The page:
You’ve been with Gaon since its opening in 2003 so this is your 14th year.
That’s right. I stayed on even when the restaurant closed in 2008. During the hiatus, I was in charge of ‘Hwayo Manchan,’ a series of private dinner parties Mr. Cho hosted at his residence four to five times a month featuring menus highlighting the best seasonal ingredients. That was an invaluable learning period for me. It was also a time of deep reflection and a lot of research.
What did you reflect about?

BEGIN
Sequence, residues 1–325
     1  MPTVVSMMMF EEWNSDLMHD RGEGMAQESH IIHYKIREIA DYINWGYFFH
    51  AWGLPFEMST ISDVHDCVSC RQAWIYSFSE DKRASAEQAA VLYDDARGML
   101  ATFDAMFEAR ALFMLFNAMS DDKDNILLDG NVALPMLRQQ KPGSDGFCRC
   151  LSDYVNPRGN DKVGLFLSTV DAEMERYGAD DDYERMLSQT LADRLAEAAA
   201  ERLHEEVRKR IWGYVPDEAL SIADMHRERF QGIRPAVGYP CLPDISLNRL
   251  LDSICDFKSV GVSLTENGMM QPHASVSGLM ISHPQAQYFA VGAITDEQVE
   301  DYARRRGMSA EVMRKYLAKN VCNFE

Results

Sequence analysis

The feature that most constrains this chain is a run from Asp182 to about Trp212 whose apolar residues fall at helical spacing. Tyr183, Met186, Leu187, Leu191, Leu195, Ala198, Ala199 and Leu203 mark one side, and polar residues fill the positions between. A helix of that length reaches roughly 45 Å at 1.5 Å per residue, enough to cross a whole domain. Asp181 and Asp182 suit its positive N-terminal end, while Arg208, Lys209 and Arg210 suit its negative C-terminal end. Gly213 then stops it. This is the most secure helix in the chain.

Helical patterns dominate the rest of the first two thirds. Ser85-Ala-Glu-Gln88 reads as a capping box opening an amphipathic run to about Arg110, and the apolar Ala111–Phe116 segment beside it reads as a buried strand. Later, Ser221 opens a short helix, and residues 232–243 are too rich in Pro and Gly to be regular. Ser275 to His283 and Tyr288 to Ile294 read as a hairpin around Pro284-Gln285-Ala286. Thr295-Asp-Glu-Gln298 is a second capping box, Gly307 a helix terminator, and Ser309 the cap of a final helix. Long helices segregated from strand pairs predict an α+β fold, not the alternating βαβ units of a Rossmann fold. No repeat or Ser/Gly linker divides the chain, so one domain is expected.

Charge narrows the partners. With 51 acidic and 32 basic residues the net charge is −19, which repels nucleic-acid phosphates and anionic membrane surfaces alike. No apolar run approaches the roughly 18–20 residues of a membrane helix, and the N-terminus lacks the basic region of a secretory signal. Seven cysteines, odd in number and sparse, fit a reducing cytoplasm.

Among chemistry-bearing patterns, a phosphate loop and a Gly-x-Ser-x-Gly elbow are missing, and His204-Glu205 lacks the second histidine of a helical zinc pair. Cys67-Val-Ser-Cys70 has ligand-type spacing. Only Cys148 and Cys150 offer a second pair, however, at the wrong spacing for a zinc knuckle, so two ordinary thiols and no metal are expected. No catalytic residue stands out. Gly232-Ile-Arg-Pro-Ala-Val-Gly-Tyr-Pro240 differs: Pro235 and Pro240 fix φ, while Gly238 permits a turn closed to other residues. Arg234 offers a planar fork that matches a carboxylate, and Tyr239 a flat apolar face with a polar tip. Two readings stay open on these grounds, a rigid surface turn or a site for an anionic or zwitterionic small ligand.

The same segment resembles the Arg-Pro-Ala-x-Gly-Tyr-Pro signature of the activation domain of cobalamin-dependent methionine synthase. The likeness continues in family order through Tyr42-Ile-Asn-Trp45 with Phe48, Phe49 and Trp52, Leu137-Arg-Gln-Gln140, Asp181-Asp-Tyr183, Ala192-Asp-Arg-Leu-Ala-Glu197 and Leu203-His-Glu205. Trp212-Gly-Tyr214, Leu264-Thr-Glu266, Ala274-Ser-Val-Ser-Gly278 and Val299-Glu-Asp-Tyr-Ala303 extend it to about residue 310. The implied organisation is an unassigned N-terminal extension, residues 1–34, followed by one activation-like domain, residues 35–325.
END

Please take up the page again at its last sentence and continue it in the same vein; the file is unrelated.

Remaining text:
I would ask myself, ‘Is my heart really in this?’ During that time, I was pretty much a one-man show: I procured all the ingredients; I designed the menus; I created the stories; I considered every little detail on the menu; I chose all the plates and tableware; I even set the table. People would say to me, “Just get out. Why would you do that to yourself?” It was tough, but I stayed on because it was also a lot of fun.
What was fun about it?
I was able to get real-time feedback from the guests. And, I liked being in charge from A to Z. When Gaon re-opened in 2015, I was ready. I joined creative forces with Gaon Society President Cho Hee-kyung and Bicena’s executive chef Bang Ki-soo, so it was a little less pressure on my part compared to the Hwayo Manchan days. It still wasn’t easy, but I became more relaxed.
What kind of experience does Gaon offer?